This article contends that the Roberts Court, in the period from 2006 to 2016, arguably became the most speech-protective Supreme Court in memory. In a series of wide-ranging First Amendment decisions, the Court sounded and strengthened classic free speech themes and principles. Taken together, the Roberts Court’s decisions have left free speech rights much stronger than they were found.
Those themes and principles include a strong libertarian distrust of government regulation of speech and presumption in favor of letting people control speech, a consistent refusal to fashion new “non-speech” categories, a reluctance to “balance” free speech away against governmental interests, and, most notably in the campaign finance cases, a reaffirmation of the “central meaning” of the First Amendment, namely, to protect the processes of freedom of speech, press, and association that make our democracy possible. The Roberts Court’s legacy has emphasized individual and group choice over what to say, how to say it, and when and where to say it, expressing deep skepticism for permitting government to make those choices and censor the ideas and information the public may express receive.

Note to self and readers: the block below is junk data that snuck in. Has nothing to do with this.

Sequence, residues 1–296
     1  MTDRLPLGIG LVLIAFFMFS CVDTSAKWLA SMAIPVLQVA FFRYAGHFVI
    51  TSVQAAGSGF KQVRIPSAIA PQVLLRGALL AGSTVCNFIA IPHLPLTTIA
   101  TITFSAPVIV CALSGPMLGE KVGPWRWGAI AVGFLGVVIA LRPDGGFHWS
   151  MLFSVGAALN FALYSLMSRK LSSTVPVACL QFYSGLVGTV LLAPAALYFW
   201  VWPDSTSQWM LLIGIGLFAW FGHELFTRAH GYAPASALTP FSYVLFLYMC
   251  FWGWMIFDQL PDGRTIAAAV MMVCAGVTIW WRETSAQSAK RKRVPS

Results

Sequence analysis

To be sure, some First Amendment claims have been rejected by the Roberts Court. And critics on and off the Court have faulted the Court for either selectively protecting free speech, at the expense of democratic or egalitarian values, or over protecting free speech and complicating the government’s task of regulating First Amendment rights. But, when one factors in the quality and nature of the Court’s pro-free speech decisions and doctrines, the Court’s record holds up extremely well against any predecessor Court.
Finally, in a time when, in the trenches of everyday life, censorship and suppression seem more the rule than the exception, both at home and abroad, the promise of a continued First Amendment friendly Supreme Court is a welcome one indeed.
Joel M. Gora,
Free Speech Matters: The Roberts Court and the First Amendment,
25 J. L. & Pol'y
Available at: http://brooklynworks.brooklaw.edu/jlp/vol25/iss1/4